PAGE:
The Georgia Aquarium

I had been wanting to visit the Georgia Aquarium in Atlanta ever since it opened five years ago.  Whale sharks!  Manta rays!  Japanese spider crabs!  When we were on our way to the aquarium Saturday morning I was wondering whether I might have built it up in my mind so much that it might not be able to live up to my expectations.  Not so!  In fact, the giant Ocean Voyager tank alone would have been worth the price of admission.

The Ocean Voyager tank is the largest aquarium tank in the world (6.3 million gallons!) and contains four whale sharks and four manta rays, the largest of which has a “wingspan” of 13 feet, plus hammerhead sharks, sand tiger sharks, sawfish, huge groupers, etc. etc. etc.  When you enter the Ocean Voyager exhibit area you first look into the tank through small windows, but then you pass through a glass tunnel at the bottom the tank where the fish are passing back and forth over your head, and finally come out at the world’s second-largest glass viewing window.  It is amazing.  It’s practically a religious experience.

Taking good photos was almost impossible due to the low light and the difficulty of shooting through glass, so I resorted to taking video clips instead.  They’re not great, but they’ll at least give you an idea of what the experience was like.

One of the coworkers I went with knew someone who worked at the aquarium, so we even got to go behind the scenes and see the huge tank from above.

If you ever pass through Atlanta, go.  Do it.  You don’t regret it.

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10 thoughts on “The Georgia Aquarium”

  1. My brother-in-law lives in Atlanta and we went there a couple of years ago. That aquarium is amazing- you’re right about the big tank. It was mesmerizing.

    Unfortunately I lost my camera on the plane coming back and lost all records of our trip…

  2. I used to volunteer as a docent at the Newport (KY) Aquarium. While I hope that my interactions with the guests were pleasurable and useful for them, I know that being there was amazing for me. I learned so much. Someday, I’d like to get to Atlanta, and also the Monterey (CA) aquarium.

  3. I visited the Georgia Aquarium last June on a trip from Australia. I was super impressed. The guides are very knowledgable and unfazed by my pesty questions. The smaller exhibits (not small, really – just smaller than the really big tank) of all the different underwater habitats, like the Amazon with piranha, were fascinating.

    I was disturbed to find out that the whale sharks there are fed by tube. It would be impossible to feed them naturally in such a place, as they normally cruise large areas of ocean slurping in lots of (mostly) plankton. It was wonderful to see them, however, and the manta rays, sharks and so on – breathtaking!

    My Atlanta friends took me to Cumberland Island in soth Georgia, which I found really interesting, too. I wanted to see an armadillo, and was told they only come out at night – but I chanced upon a young, dead one on a track. It was in pristine condition, so I have no idea how it died. The ‘plates’ were soft and flexible, not at all like I imagined.

    I saw the nostrils of a manatee, but that was all. We have dugongs in Australia, and they are just as shy and endangered.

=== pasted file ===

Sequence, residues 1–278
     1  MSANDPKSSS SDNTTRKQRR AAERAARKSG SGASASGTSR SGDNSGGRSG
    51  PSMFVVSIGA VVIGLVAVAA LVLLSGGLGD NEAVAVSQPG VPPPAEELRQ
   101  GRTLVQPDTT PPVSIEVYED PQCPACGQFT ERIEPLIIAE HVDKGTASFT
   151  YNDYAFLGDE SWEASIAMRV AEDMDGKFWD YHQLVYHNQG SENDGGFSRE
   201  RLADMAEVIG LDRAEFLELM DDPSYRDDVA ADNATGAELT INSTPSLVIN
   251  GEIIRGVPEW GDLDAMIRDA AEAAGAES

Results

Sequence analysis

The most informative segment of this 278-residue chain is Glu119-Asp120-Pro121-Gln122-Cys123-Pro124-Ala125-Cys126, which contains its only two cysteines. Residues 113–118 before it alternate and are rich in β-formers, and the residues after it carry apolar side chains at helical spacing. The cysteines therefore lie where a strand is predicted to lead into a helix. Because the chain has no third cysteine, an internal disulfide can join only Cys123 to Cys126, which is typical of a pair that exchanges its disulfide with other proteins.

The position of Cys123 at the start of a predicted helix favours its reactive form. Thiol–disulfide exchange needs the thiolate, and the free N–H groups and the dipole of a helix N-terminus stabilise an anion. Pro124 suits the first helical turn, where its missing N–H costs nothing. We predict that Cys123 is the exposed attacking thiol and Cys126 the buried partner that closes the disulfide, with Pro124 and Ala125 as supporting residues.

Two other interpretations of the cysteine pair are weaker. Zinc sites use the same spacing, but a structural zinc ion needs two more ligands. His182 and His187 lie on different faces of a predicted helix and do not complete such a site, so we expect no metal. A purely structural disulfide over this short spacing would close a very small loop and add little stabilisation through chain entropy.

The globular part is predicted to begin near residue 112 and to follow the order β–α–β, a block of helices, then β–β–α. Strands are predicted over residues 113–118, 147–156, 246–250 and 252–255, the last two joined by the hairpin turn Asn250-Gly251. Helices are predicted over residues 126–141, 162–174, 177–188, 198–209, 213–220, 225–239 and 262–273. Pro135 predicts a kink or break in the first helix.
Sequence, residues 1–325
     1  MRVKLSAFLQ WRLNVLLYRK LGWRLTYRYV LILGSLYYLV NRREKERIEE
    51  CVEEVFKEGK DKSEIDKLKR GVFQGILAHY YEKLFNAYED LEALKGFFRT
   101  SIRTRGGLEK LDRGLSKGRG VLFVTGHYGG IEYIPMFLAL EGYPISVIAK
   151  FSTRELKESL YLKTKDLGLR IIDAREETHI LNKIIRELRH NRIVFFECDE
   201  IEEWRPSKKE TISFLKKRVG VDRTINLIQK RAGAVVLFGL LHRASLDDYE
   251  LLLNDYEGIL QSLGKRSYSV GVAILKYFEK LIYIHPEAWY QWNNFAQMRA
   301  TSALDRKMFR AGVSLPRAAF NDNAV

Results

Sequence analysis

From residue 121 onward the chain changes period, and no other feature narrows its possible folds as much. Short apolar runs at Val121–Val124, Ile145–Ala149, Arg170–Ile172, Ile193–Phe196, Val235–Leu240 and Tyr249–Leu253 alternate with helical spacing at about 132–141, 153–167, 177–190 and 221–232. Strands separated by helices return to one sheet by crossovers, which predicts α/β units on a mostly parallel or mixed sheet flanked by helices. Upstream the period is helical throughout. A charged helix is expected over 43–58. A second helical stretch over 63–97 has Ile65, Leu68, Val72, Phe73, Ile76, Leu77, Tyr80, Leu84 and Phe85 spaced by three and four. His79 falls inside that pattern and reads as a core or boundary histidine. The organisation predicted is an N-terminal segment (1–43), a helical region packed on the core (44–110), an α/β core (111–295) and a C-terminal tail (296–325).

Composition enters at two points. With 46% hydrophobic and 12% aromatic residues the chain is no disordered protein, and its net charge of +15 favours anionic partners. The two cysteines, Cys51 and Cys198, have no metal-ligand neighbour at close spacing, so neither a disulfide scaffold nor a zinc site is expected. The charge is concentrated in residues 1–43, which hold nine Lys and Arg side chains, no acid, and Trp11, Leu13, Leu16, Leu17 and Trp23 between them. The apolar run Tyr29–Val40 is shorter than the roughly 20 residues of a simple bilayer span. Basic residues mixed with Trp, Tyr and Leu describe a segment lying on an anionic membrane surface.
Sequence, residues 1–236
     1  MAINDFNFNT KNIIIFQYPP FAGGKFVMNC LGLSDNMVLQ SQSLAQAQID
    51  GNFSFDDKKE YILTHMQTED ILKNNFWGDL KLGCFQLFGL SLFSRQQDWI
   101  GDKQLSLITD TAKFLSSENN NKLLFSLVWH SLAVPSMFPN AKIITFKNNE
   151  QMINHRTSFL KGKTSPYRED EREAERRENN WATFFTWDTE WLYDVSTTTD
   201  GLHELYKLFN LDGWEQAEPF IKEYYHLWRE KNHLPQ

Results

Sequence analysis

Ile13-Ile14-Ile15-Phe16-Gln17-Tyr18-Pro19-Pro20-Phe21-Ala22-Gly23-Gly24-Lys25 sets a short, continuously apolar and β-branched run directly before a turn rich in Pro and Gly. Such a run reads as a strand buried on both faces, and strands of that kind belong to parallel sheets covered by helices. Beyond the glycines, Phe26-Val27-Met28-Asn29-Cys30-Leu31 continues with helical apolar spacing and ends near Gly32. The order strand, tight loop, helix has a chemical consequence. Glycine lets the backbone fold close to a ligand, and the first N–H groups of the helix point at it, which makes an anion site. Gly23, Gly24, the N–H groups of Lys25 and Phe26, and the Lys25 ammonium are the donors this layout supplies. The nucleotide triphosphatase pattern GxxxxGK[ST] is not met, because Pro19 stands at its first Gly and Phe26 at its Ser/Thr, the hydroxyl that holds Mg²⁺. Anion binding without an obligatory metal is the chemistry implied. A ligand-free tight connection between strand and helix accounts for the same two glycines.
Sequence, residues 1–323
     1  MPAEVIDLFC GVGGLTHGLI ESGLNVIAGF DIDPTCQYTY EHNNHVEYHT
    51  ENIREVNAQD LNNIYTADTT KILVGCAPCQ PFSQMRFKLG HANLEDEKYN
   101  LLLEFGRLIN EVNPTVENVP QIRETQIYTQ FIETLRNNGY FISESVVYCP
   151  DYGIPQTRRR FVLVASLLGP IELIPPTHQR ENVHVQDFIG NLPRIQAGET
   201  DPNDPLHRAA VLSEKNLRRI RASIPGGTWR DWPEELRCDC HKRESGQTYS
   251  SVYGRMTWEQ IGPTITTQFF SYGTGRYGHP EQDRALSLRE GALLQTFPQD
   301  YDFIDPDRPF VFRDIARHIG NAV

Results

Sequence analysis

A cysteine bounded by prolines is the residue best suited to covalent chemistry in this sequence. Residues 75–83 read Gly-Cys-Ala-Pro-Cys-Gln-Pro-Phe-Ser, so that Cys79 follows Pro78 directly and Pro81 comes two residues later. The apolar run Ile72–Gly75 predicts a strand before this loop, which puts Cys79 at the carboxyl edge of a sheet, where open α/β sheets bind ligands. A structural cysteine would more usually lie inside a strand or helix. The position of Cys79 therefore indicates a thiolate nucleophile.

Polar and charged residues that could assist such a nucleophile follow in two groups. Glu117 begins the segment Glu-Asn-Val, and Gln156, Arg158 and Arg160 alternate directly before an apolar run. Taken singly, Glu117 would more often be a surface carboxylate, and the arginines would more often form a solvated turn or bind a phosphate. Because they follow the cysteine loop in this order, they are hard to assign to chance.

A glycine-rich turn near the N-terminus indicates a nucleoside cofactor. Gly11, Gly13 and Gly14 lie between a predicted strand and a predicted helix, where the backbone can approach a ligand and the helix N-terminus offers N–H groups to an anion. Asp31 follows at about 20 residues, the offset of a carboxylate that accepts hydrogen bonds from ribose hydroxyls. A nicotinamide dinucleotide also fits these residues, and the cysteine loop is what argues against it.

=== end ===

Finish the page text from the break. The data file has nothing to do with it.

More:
I did some birdwatching and beachcombing there, and walked the track to Anna Ruby Falls in the Appalachians. I’d like to come back for an extended nature-watching trip one day.

    1. I was surprised to read what you said about the whale sharks being tube-fed, and did some Googling – all the information I could find suggests that the only time they’ve force-fed them via tubes was when two of their original sharks fell ill and stopped eating on their own. I’m not sure how they feed them the rest of the time, if that’s true, but I’ll ask my coworker who used to work there.

      I live and work on Jekyll Island, which is the one immediately to the north of Cumberland and Little Cumberland. I’m glad you enjoyed your trip here, it certainly is a beautiful area!

      1. Thanks for setting me straight, Rebecca. Perhaps I misinterpreted what the guide told me. I’m certainly interested in how the whale sharks are fed, so do let me know when you find out – it seems a huge ask for such creatures. A friend of mine went snorkelling with them during their migration time up the Western Australian coast, and said it was an awesome experience.

        Perhaps I can stop by your island next time I visit!

      2. Joy: I asked her this morning, and said they use some sort of contraption consisting of a long poll with a net full of krill or something similar on the end. The keeper goes out onto the tank on a sort of raft, swishes the net around in the water to release the krill, and the shark swims past and scoops it up.

        Also, it’s interesting to keep in mind that if these sharks weren’t being displayed at the aquarium, they would have been someone’s dinner. The Georgia Aquarium’s whale sharks come from Taiwan, where they are served up as seafood.

  4. Thanks, Rebecca – most interesting. I really appreciate the efforts the aquarium staff go to. I’m not complaining about these animals being held captive. While there’s understandable tension in any zoo-type situation between keeping an animal captive and leaving it in the wild, it’s got to the stage that if people don’t see, get to care about, and therefore contribute to the conservation of many animals, those animals are going to die out when their habitats are destroyed, or their numbers drop below a certain level. Interesting that these came from Taiwan.

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